The clearance calculation is made for each ship passage and the amount of clearance is then transmitted back to the ship by VHF radio and permission (if granted) is given to pass under the bridges. There are visual markers on the bridge so that the harbour pilot can see the exact centre (and highest point) of the span, and the two sides of the channel, as there is a slight arch to the bridge deck of both bridges. There is to be a minumum clearance of 1.36 meters between ship and bridge.

 A yellow placard marks high point at the centre of the Angus L. Macdonald bridge.

 *The above is a very much simplified version of the harbour regulations. A detailed description of the required procedures can be found in the Port of Halifax "Port Information Guide"posted on the Port's web site at: https://www.portofhalifax.ca/wp-content/uploads/2024/01/HPA-PortInformationGuide-January2024-1.pdf

3. Use of Tugs

Large ships are most effective out at sea. Once in port they tend to be ungainly. They do not steer well at slow speed and are subject to wind pressure (particularly high sided ships like container ships and auto carriers) and they can perform unpredictably in shallow and narrow waters. They also take a long time to stop. They do not have "brakes", but must reverse their propellors (or the pitch of the propellor), which work most effectively in the forward direction and poorly in the reverse direction.

Tugs are employed to assist ships in port, both in coming alongside at terminals, but also in maintaining course in the outer "approach" channels and in transiting the Narrows. They can redirect ships, or slow and stop them by pulling on a stern line.

Port regulations are quite strict on the use of tugs in the port, particularly in the Narrows where the two harbour bridges are located, so I will not decribe the requirements in detail except to say that ships require one or more tugs, depending on the size of the ship, with specific requirements for container ships. The harbour pilots have ultimate discretion in the number of tugs and may exceed the minimum number required based on conditions.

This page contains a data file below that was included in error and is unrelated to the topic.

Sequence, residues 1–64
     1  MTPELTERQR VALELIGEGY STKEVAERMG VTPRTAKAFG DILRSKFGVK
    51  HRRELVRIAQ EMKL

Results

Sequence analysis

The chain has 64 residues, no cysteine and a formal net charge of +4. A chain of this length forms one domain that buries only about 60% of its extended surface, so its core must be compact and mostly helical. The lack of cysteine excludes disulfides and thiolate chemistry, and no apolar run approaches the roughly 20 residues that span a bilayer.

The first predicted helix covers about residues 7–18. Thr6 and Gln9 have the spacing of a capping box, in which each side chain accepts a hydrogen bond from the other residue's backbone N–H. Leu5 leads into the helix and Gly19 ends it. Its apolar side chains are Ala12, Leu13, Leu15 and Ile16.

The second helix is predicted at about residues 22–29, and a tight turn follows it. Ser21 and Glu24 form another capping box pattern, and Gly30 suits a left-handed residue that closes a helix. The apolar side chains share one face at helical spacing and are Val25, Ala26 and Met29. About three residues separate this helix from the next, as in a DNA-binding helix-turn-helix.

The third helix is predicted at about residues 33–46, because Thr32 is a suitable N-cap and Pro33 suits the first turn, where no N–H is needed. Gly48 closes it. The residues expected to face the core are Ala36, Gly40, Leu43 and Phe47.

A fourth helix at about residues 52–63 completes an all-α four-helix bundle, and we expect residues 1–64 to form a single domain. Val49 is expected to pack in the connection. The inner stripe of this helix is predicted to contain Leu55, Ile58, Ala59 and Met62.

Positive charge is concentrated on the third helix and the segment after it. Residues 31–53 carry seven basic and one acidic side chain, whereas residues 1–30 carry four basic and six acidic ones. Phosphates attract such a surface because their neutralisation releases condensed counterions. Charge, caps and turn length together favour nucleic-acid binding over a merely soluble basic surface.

Again there is more detail in the "Port Information Guide"; https://www.portofhalifax.ca/wp-content/uploads/2024/01/HPA-PortInformationGuide-January2024-1.pdf

 The container ship NYK Remus with tugs, passes the A. Murray MacKay bridge heading for Bedford Basin, in dead calm conditions and at nearly high tide.

4. Conditions and Situations

The Port of Halifax has had its own experience with catastrophe. The collision of two ships in the Narrows on December 6, 1917 and subsequent fire and explosion levelled the northern portion of the city and caused the deaths of at least 1,800 people, with 9,000 injured, many more homeless and unmeasurable property damage. Haligonians are very aware of this event event more than a century later, and many will be feeling deep sympathy for our neighbours to the south.

The Port of Halifax regulations now set out how ships are to meet (large ships are not permitted to meet in the Narrows) and with better communications the harbour is a much safer place than it was.